minimal functionality in most of the practice
    management systems?
  • Is project management only for engineers and
    builders? Does the adage, do as I say, not as I
    do apply?

16
Client Contact and Marketing
  • Although these do exist in most practice
    management systems, they tend to be basic and
    would be less than satisfactory to professional
    marketing managers. This seems at odds with a
    commercial environment, which lays such emphasis
    on the power of marketing. Even the legal
    profession now advertises.
  • Part of the explanation for the above lies in the
    attitude of many accounting professionals who
    fail even at this late stage to realise that the
    most important issues for small to medium sized
    practices are people and management related
    rather than technical ones.

17
2. Designing functional systems
  • Practice management systems due for a major shake
    up, if not complete change.
  • This is largely because they start with an
    accounting focus and attempt to work towards a
    business focus.
  • They should rather start with workflow and
    business processes, looking at what we are doing,
    how we do it or are going to do it and what if
    anything we need to change.

18
2. Designing functional systems Continued
  • We provide a series of professional services,
    these have cost and revenue implications, and
    increasingly compliance issues.
  • There is nothing intrinsically difficult about
    these parts, the problems surround the softer
    areas in practice, the management of workflow
    management, client contact, added value services,
    marketing, and management reporting on
    performance etc.

19
2. Designing functional systems Continued
  • Practice management systems should emulate
    workflow management systems, keeping a record of
    how documents are built, for which client, with
    time recording and achievable tasks etc produced
    as by-products of core activities, rather than as
    separate administrative tasks.
  • Time recording is often viewed as a waste of
    time, which is why people forget, the longer they
    forget, the more Walter Middy like their records
    become.

20
2. Designing functional systems Continued
  • Up to this point most of the practice management
    systems have failed.
  • This has usually been due to functionality, some
    of the best-of-breed solutions coming from
    several vendors have significantly increased the
    problems due to integration issues.

21
2. Designing functional systems Continued
  • A workable solution will probably consist of a
    modular system, each module in turn representing
    the preferences of the functional area of the
    practice, the best solution for each particular
    task, working together in an environment which
    recognises the need for diversity and harmony in
    the working practices of the accounting firm.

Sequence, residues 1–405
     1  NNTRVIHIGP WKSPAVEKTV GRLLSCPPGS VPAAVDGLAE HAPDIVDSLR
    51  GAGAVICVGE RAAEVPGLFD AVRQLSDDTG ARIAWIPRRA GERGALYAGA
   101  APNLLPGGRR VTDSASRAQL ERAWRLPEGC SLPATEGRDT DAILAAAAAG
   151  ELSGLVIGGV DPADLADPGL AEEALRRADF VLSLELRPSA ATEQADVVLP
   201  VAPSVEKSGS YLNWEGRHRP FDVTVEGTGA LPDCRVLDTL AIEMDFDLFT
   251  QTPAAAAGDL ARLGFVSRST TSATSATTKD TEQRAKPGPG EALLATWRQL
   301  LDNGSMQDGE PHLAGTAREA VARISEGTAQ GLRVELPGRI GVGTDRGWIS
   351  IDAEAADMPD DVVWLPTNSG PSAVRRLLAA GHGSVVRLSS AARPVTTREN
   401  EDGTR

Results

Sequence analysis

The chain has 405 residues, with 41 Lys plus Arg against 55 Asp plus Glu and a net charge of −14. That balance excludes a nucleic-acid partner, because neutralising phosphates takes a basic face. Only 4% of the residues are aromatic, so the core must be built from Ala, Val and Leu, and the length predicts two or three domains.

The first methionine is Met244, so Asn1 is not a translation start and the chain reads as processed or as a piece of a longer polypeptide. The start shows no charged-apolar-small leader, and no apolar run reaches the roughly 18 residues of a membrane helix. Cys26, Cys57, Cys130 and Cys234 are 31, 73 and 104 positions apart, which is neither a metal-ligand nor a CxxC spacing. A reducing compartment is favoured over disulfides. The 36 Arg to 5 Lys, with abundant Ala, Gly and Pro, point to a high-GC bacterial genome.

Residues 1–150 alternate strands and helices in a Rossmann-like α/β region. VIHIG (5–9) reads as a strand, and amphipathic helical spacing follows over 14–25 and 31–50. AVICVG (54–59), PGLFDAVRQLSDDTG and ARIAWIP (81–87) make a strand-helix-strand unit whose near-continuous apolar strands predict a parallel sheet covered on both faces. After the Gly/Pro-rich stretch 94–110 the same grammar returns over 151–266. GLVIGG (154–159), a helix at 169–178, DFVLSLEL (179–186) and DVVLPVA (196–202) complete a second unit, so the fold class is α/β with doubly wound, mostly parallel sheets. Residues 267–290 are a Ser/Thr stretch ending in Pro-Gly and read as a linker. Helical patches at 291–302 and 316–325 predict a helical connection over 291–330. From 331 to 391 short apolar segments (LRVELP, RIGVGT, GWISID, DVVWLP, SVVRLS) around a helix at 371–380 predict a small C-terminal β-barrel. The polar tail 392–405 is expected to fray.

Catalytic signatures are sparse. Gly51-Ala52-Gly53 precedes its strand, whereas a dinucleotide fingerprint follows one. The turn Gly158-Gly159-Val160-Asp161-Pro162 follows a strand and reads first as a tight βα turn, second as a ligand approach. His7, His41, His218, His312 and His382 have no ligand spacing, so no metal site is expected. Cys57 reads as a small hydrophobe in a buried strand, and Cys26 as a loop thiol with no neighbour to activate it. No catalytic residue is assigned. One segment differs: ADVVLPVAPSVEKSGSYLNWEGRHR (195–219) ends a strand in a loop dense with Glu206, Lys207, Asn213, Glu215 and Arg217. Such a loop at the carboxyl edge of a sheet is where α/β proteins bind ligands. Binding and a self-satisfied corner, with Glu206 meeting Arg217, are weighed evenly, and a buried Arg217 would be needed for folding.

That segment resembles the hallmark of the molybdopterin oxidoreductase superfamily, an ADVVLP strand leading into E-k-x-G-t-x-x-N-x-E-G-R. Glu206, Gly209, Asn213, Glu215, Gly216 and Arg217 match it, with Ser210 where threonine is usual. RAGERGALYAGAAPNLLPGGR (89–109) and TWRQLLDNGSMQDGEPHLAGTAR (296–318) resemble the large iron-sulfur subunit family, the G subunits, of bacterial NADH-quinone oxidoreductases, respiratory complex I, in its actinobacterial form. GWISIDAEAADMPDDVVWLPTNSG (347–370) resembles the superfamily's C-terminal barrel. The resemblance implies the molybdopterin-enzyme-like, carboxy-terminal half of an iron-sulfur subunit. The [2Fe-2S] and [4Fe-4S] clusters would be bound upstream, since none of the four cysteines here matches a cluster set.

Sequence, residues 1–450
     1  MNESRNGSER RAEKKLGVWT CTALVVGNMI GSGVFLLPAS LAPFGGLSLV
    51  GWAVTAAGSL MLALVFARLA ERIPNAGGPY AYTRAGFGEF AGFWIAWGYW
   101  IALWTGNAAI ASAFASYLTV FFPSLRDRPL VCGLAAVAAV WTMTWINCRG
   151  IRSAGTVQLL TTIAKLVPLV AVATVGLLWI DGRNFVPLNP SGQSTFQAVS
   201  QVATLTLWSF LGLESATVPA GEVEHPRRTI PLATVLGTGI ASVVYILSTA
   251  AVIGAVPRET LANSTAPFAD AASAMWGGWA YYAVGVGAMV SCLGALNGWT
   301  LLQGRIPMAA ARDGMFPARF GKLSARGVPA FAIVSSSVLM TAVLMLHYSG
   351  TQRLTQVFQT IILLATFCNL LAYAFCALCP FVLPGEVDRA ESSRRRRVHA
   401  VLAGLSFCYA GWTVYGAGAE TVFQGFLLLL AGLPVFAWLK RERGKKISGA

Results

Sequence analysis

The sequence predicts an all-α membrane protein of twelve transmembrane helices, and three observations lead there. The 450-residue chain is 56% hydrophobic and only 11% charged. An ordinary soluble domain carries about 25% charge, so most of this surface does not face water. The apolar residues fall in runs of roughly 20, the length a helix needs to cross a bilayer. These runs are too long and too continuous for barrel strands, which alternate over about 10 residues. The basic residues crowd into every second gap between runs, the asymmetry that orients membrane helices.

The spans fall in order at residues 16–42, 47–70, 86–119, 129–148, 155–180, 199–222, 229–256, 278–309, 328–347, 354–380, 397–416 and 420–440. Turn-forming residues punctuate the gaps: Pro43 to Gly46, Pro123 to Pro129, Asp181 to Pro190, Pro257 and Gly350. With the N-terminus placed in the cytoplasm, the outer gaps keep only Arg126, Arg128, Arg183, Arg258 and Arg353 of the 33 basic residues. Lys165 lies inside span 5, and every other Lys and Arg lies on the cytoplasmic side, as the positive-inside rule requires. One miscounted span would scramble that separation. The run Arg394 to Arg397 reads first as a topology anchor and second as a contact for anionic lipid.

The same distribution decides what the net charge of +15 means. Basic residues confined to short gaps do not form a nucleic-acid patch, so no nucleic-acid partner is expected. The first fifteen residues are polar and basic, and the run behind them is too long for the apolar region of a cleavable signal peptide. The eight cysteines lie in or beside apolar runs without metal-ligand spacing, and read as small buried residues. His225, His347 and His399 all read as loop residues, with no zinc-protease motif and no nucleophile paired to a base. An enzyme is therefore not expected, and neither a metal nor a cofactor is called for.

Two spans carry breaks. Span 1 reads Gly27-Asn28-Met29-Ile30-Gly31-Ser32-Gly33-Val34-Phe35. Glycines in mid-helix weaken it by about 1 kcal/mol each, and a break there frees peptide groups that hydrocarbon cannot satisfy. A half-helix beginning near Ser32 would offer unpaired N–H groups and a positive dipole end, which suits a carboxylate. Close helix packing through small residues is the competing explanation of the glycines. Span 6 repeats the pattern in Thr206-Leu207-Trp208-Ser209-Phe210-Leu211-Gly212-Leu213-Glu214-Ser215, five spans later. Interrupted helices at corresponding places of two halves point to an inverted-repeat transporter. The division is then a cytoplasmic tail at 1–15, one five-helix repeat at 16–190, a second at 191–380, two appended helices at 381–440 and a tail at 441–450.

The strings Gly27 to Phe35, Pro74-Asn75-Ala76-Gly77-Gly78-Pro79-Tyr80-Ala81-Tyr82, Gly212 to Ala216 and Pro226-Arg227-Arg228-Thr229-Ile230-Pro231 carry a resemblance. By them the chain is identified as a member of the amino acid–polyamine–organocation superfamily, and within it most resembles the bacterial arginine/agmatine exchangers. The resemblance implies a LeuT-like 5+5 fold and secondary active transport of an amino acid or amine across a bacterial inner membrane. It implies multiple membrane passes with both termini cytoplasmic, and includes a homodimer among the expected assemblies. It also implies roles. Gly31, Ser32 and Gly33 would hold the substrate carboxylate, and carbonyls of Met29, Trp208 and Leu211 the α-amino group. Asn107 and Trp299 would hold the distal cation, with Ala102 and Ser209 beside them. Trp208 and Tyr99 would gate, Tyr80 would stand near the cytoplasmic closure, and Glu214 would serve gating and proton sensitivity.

• All the systems talking to each other.

22
2. Designing functional systems Continued
It is precisely at this point that our utopian
ideal begins to crumble. Software-to-software
communication is a complex and difficult area,
some help is usually required (therapy can help).
  • Practice management systems must be seen as a
    dynamic process, constantly changing and adapting
    to new requirements and responding to take
    advantage of new business opportunities. We must
    be constantly on the lookout for things we can
    add to assist with various tasks.

23
2. Designing functional systems Continued
  • It is usually the specific implementation of the
    above concepts that sets good practice management
    systems apart from the poor ones.

24
3. What is Practice Management?
25
3.1 - Planning
  • To have good practice management, we must have
    good planning.
  • To have manageable plans there must be measurable
    results, including interim stages.
  • A simple tax return may have a small number of
    stages while a complex audit may have many
    stages.

26
3.1 - Planning Continued
  • The measurable results against the stages of a
    project represent opportunities to take
    corrective action,
  • there is therefore a clear correlation between
    the number of stages and number of opportunities
    to apply remedial action. (FDS calls these
    milestones)

27
3.1 - Planning Continued
  • There is a fundamental difference between project
    management as used by engineers and accountants
    Engineers generally do a relatively small number
    of larger jobs Accountants usually tackle
    thousands of relatively small jobs.

28
3.1 - Planning Continued
  • The milestone concept of FDS, is a useful one and
    would allow (in theory) the automatic updating of
    all data, prompting for new stages, prompting for
    overruns and delay, missing information and
    billing. Capturing time, cost, WIP transparently
    without conscious effort or manual intervention.
  • (This already happens to some extent with FDS in
    New Zealand) the difficulties seem to centre on
    compatibility of software and identification of
    these trigger events (milestones)

29
3.1 - Planning Continued
  • Identifying these milestones is a complex and
    demanding process, it is non the less critical if
    we are to fully automate our practice management
    and derive the benefits which otherwise remain as
    merely potential.

30
3.1 - Planning Continued
  • The concept of a PC (or laptop) at every desk